Developer Ignition is to close the doors of its London studio, GamesIndustry.biz has learned.
The company is in the process of laying off an undisclosed number of staff, and has wound up internal development on upcoming titles Wardevil (already much-delayed) and Project Kane.
However, both games have apparently passed proof of concept stage, with Ignition hinting that their future - if they have one - may lie in outsourcing.
Ignition was acquired by India media giant UTV in 2007, and also has studios in Florida, China, Austin and Tokyo.
The company will retain a corporate headquarters in London, but now seeks to work primarily with external developers in more of a publishing role. GameIndustry.biz understands the Ealing-based studio is to close on October 31.
Said Hassan Sadiq, Group Chairman at Ignition Entertainment in a statement, "Throughout the last year Ignition has gone through a number of changes, including bringing in a strong new management team with a core focus of working with the world's best external developers to bring AAA content to emerging downloadable platforms.
"This week saw the pre-scheduled completion of a six month proof of concept project on the War Devil / Project Kane titles internally, which the board and studio management are currently evaluating as to whether the required quality will be achieved by completing internally or with an external partner.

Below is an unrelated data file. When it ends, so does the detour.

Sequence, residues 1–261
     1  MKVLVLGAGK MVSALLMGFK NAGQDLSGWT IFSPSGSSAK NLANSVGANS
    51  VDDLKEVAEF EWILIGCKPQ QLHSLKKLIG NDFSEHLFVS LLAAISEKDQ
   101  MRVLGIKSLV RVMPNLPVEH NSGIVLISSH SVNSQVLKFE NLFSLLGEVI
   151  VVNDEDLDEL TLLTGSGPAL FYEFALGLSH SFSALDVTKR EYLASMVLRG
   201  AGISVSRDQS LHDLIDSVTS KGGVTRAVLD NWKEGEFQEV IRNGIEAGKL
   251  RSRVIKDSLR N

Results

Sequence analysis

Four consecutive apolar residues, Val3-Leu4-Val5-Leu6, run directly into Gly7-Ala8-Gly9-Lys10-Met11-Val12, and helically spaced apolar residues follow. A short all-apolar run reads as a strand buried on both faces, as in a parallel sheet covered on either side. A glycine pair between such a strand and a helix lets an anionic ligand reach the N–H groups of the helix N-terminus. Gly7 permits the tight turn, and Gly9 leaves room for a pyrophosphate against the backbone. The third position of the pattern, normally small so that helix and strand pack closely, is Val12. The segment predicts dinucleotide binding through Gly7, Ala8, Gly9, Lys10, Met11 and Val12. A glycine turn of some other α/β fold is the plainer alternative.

"The London office will continue to operate as the global headquarters for Ignition's corporate and fast growing publishing business. Development is ramping up at Ignition's free-to-play studios based in Austin and Beijing, as well as at internal console development studios in Florida ('Reich') and Tokyo ('El Shaddai' winner of CESA's most anticipated title at TGS 2010).
"These combined with a number of new publishing acquisitions for release in calendar 2011 will ensure we meet the challenge of transforming into a next-generation publishing powerhouse head on."
Ignition's last title was XBLA and PC multiplayer shooter Blacklight: Tango Down, which was met with a mixed critical response.